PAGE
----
By David M. Greenwald
Santa Ana, CA – In January the Vanguard reported on Judge Michael Murray’s conduct in which he is alleged to have committed prosecutorial misconduct in failing to disclose evidence in a murder case a decade ago while a prosecutor.
While the report by a three-judge panel including CJP Trial Counsel Mark Lizarraga and Assistant Trial Counsel Melissa Murphy does not address the issue of discipline, the 98-page report lays out findings that the misconduct allegations are not only proven, but in addition are aggravated by his defense— they charged him with being “deceptive” and having a “lack of candor” during a seven-day hearing that ending in May.
The counsel writes, “Considering that the court recused DDA Murray and DDA Yellin from the case and sanctioned the prosecution, suggesting that DPD Ross sought to ‘extort’ a plea deal through ‘blackmail’ and threats of a baseless motion to dismiss for outrageous government conduct was deceptive and lacked candor.”
Cole Wilkins was driving on the freeway in Orange County in 2006 when David Piquette, a 10-year veteran of the sheriff’s department, was driving and swerving to avoid hitting an appliance that fell out of Wilkin’s vehicle, but collided with the cement truck which landed on top of Piquette’s car, killing him.
CHP officials, however, altered a report that showed that Deputy Piquette’s unsafe speed for the conditions was at fault for the accident; the CHP changed the report to being reasons “other than driver.”
Murray was made aware during the trial that the CHP collision reports concerning the Wilkins case had been altered, but failed to disclose, responding that “it did not matter because the defendant was a fleeing felon at the time the stove fell from his vehicle, or words to that effect.”
Ultimately the conviction was reduced to involuntary manslaughter and Wilkins was released. Murray was elected to the bench in 2016. Last year, CJP filed misconduct charges against him, with the potential he could be removed if found guilty.
Edith Matthai, attorney for Murray, asked the panel to conclude that “the evidence was not material under Brady, because the evidence would not have changed the result that Wilkins caused the death of Deputy Piquette.” Thus they believe that “Murray did not violate his Brady obligations; the evidence was not suppressed and was not material.”
They further declare that Murray “did not act in bad faith or intentionally delay in making the statutory disclosures…”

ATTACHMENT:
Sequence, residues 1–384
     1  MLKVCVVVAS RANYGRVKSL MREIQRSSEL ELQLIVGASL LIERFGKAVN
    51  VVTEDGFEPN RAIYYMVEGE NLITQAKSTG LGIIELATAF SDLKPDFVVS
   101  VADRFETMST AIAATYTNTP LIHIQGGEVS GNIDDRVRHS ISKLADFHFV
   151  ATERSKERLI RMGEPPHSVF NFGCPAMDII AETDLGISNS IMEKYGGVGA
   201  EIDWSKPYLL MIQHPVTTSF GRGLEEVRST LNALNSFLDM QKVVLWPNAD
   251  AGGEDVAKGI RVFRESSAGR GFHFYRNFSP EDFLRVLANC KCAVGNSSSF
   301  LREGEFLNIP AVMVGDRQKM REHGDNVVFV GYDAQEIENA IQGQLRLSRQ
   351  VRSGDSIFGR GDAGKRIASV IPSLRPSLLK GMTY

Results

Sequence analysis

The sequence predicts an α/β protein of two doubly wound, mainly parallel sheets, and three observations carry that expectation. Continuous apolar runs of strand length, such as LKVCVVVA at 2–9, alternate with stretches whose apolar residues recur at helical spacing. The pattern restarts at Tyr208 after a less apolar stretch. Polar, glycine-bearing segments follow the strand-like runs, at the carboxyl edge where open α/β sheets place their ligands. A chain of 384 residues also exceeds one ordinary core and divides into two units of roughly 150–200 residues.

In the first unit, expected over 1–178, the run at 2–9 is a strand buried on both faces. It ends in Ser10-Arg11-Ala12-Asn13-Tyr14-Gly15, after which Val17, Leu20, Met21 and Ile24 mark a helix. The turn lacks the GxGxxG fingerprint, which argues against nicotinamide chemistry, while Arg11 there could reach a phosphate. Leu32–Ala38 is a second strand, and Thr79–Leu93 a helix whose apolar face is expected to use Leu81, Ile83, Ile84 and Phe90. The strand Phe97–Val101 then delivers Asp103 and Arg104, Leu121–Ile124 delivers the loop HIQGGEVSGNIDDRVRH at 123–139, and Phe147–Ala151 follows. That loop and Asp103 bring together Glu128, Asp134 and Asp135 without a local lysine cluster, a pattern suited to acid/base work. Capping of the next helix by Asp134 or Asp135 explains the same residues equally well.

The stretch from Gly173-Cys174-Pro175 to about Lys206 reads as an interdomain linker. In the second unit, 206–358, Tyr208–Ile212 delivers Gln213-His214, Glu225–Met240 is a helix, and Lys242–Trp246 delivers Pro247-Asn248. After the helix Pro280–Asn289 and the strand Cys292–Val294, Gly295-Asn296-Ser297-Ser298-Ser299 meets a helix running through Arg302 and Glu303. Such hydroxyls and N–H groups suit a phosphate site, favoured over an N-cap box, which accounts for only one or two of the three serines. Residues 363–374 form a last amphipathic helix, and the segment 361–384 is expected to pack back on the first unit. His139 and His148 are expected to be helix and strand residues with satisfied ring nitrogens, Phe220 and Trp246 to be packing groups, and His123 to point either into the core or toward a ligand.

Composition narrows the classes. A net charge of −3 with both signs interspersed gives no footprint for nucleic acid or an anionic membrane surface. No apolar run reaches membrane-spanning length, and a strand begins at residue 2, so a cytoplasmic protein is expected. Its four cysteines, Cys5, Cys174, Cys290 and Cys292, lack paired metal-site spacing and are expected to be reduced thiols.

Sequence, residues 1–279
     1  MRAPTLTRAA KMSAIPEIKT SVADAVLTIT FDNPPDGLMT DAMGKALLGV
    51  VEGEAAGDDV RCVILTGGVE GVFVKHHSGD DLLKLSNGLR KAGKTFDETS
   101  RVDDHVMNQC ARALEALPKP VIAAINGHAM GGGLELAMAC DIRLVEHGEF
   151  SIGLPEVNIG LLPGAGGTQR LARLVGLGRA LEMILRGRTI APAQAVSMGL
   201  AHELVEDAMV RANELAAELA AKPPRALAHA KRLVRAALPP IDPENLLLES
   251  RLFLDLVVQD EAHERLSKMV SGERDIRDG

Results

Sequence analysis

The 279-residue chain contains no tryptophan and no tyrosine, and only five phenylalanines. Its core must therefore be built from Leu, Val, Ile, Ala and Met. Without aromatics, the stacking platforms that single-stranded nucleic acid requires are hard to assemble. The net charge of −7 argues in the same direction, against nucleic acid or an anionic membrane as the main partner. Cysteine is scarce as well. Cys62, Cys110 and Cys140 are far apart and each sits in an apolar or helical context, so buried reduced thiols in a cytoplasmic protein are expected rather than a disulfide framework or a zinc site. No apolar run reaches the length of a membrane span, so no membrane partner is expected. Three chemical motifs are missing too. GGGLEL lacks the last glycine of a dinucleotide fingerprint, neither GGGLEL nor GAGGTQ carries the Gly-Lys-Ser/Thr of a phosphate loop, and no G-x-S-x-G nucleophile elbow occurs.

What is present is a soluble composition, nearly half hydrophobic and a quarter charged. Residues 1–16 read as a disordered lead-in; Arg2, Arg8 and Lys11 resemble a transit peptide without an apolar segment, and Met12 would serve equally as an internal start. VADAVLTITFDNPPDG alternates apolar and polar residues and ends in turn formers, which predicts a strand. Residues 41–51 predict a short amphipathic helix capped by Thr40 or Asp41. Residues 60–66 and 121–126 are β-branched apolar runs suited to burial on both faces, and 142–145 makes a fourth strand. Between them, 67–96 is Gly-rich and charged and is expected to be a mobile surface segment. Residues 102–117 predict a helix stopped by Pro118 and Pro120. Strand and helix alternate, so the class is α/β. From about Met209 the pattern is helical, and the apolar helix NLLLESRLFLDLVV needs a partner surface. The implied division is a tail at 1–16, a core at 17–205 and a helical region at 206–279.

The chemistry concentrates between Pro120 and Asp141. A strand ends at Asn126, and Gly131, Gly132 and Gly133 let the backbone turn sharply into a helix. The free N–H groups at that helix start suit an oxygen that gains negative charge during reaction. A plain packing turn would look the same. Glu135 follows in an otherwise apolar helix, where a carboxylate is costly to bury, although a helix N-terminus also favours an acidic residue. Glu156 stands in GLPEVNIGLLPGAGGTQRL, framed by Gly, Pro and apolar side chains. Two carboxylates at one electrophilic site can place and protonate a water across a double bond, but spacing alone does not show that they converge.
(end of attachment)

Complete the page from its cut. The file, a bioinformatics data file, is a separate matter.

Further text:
They add that they don’t believe that he engaged “in either prejudicial misconduct or improper action…”
The examiner’s report finds that Murray, as the prosecutor, “failed to inquire about any potentially exculpatory information he received or became aware of during the 2008 Wilkins prosecution.”
By failing to conduct any inquiry about improprieties in the CHP investigation, “Murray intentionally violated his continuing duty of inquiry.”
They added, “We find that, not only did DDA Murray fail to inquire in 2008, but despite the continuing nature of his duty, he intentionally failed to inquire after the conviction, including between January 3, 2011, and July 2015, when a prosecutor, acting in good faith, would have done so.”
Further, “We find that DDA Murray took no action to investigate any of the multiple allegations of police report tampering or misconduct from the day of sentencing until he provided the exact same reports to the defense as had been provided in the first trial. We further find that DDA Murray’s failure to inquire about potentially exculpatory information he received… was an intentional failure of his continuing duty to inquire.”
Murray also failed to inform Deputy DA Yellin, who asked him if he knew about changed reports. Writes the panel, “Once again, in the face of all the warning signals over more than six years, we find that DDA Murray intentionally failed to meet his duty of inquiry after receiving, yet again, potentially exculpatory information about allegations of changed reports.”
They find, “By intentionally failing to meet his continuing duty of inquiry between January 3, 2011, and July 2015, DDA Murray committed prejudicial misconduct.”
In their report, they note that both Murray and Yellin testified that Public Defender Sara Ross threatened to embarrass Murray and “blackmail” the prosecution with a baseless motion to obtain a favorable resolution in the Wilkins case.
Judge Murray testified that he told DDA Yellin that “[w]e don’t negotiate murder cases by blackmail” and to tell the defense to “file whatever they have to file.”
Instead, they found that in July 2015, Ross filed a motion to dismiss, “not to extort or blackmail DDA Murray, but to represent Mr. Wilkins to the best of her abilities.”
They add, “Ross’s motion was valid and not brought for any nefarious purpose, which buttresses her credibility and undercuts Judge Murray’s.”
They conclude, “Judge Murray’s efforts to suggest that the allegations in the OCG motions were completely false and that DPD Ross sought to blackmail or extort DDA Murray and the OCDA, while, at the same time vigorously seeking to exclude evidence of Judge Goethals’s rulings was deceptive and lacked candor.”